“He dealt with incoming fire from a lot of different directions, and he maintained his composure. I think you really get to see the character of a person behind closed doors. He was the same person that you saw in public. He gave his all each day, and he treated those around him with respect. He was a great leader who understood the importance of maintaining his poise while under pressure. I learned that when you’re in a leadership role, everyone is looking at you to see how you respond.”

PPP FRAUD

Fraud investigations involving the SBA’s Paycheck Protection Program (PPP loans) have already started and are expected to ramp up after the first of the year following the expiration of deadlines for using that money.

“Anytime the government gives federal funding for a program, there’s fraud to follow or at least allegations of fraud,” Bolitho said. “The U.S. Attorneys and DOJ have announced that PPP fraud is a priority.”

“I think the first round is going to be the more egregious cases. There have been some notable examples of folks taking PPP money and buying things like Lamborghinis with it. Then I think you’re going to see a series of investigations into other areas where it’s less clear whether there’s been fraud or whether the individuals qualified for the money and appropriately spent it.”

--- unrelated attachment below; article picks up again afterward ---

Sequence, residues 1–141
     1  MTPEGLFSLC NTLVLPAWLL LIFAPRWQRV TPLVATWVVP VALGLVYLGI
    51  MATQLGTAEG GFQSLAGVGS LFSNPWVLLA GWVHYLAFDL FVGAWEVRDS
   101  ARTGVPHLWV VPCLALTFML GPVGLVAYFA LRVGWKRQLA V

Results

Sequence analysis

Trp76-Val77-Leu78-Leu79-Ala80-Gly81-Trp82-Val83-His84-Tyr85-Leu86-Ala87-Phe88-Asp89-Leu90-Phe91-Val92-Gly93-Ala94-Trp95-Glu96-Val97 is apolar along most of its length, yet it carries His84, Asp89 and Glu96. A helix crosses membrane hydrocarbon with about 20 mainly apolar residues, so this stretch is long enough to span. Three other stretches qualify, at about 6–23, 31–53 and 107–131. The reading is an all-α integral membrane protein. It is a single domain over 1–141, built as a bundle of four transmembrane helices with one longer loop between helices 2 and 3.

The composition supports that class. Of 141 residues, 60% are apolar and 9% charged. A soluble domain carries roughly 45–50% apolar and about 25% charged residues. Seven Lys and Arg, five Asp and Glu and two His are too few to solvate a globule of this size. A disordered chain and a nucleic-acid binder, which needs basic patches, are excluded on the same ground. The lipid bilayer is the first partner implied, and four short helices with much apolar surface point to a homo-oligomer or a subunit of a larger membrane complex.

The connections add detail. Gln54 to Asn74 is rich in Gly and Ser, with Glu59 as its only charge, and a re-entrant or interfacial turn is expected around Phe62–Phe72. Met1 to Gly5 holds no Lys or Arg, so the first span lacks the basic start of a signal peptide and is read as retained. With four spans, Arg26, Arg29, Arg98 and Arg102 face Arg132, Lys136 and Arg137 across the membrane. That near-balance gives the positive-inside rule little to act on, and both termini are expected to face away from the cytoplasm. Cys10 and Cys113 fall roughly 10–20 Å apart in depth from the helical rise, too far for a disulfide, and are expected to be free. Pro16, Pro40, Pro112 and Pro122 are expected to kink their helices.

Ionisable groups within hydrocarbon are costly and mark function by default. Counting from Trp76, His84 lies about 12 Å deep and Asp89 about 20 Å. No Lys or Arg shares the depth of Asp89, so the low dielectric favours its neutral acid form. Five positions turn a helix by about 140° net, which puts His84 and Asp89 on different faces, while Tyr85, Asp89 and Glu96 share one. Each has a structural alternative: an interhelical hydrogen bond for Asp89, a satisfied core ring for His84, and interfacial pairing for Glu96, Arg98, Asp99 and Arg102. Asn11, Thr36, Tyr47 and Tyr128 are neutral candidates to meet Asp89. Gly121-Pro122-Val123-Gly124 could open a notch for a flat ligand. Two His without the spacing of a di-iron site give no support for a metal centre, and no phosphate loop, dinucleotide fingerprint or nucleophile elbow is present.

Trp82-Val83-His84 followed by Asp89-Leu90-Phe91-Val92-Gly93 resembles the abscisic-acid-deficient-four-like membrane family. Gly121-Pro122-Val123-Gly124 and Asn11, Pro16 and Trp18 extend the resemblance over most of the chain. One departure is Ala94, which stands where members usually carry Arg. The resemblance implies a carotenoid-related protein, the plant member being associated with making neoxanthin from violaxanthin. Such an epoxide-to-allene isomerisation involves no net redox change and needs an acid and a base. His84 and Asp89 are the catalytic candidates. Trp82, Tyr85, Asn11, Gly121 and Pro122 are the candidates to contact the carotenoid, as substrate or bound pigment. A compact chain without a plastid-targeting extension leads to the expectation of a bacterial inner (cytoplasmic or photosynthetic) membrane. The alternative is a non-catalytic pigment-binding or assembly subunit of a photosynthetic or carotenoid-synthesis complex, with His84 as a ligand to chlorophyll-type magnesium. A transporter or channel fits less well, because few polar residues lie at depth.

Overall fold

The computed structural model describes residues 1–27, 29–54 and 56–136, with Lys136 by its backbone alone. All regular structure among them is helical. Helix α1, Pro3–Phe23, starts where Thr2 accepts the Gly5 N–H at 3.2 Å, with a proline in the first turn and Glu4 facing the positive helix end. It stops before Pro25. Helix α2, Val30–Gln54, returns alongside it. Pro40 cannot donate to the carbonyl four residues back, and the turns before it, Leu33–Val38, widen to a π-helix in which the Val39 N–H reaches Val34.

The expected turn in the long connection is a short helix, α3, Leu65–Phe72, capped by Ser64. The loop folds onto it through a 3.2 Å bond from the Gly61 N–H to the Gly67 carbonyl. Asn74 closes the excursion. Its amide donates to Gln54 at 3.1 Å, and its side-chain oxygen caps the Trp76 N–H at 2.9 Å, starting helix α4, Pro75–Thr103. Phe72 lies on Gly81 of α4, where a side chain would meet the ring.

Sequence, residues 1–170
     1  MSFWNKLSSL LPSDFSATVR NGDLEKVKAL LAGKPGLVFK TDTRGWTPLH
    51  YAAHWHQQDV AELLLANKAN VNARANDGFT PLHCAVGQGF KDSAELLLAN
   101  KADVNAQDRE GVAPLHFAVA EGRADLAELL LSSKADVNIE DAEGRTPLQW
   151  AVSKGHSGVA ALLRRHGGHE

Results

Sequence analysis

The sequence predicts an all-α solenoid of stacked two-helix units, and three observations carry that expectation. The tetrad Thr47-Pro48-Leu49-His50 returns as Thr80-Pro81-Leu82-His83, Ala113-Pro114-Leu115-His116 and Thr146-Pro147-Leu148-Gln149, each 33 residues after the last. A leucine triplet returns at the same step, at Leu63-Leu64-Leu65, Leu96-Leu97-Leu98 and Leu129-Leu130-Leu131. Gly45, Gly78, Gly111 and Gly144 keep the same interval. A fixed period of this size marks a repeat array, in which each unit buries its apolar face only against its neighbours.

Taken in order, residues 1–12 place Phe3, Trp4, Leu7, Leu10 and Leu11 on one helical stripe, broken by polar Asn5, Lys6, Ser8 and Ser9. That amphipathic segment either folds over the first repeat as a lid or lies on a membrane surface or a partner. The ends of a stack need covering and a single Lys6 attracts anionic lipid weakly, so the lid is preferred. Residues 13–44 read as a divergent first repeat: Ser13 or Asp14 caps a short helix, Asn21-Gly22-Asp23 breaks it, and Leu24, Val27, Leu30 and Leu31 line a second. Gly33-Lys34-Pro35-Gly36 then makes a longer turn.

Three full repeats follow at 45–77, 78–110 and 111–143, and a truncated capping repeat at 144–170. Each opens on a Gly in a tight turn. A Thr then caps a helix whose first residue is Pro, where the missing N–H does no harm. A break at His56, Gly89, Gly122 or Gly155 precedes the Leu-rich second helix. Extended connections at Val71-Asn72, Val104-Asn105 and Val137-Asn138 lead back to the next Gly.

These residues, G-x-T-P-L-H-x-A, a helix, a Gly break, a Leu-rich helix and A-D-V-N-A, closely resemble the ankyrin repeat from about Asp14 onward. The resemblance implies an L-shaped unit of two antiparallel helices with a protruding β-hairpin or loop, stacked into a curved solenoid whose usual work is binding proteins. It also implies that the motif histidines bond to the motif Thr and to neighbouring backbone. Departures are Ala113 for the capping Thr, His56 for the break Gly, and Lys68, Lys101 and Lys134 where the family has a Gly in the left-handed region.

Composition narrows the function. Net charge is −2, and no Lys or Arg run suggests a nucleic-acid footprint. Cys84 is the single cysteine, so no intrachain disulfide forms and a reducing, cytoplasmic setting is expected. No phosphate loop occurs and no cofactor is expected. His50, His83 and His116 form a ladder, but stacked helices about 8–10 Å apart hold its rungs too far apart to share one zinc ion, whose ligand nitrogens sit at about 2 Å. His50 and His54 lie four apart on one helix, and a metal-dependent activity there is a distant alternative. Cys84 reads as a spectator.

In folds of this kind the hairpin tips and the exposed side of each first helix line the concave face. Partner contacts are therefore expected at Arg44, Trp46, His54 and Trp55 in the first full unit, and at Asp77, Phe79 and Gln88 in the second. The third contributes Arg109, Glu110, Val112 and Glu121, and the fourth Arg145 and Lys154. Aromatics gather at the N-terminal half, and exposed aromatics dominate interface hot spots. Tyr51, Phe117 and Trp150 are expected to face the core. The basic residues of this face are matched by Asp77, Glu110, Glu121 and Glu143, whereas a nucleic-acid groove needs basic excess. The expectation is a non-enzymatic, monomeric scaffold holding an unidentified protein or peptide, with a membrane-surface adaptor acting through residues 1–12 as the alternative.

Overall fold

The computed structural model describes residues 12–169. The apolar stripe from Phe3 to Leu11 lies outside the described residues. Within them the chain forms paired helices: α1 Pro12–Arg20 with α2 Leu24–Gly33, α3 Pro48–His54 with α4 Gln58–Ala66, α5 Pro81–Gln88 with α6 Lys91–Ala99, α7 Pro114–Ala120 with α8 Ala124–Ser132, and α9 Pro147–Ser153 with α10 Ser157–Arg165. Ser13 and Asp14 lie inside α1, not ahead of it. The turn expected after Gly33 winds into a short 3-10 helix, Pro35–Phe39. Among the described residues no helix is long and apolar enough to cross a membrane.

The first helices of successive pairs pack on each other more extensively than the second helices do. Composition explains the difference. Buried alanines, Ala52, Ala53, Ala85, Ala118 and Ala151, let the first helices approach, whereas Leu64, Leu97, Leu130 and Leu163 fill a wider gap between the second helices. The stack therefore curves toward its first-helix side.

INEVITABLE SCRUTINY

Mincey said Cranfill Sumner & Hartzog is growing its white-collar law practice and will add attorneys in the future, in part, because of the cross-practice fit with existing clients. “I think it dovetails at every turn. They may have started a relationship with our firm, never expecting to have to talk to the white-collar, regulatory, criminal folks. It may be the inevitable nature of the scrutiny the federal government brings.”

“Any business is subject to having the federal government come knocking. That prompts longtime, long-standing clients to suddenly have the need to call us down the hall. We’re here to assist them,” said Mincey.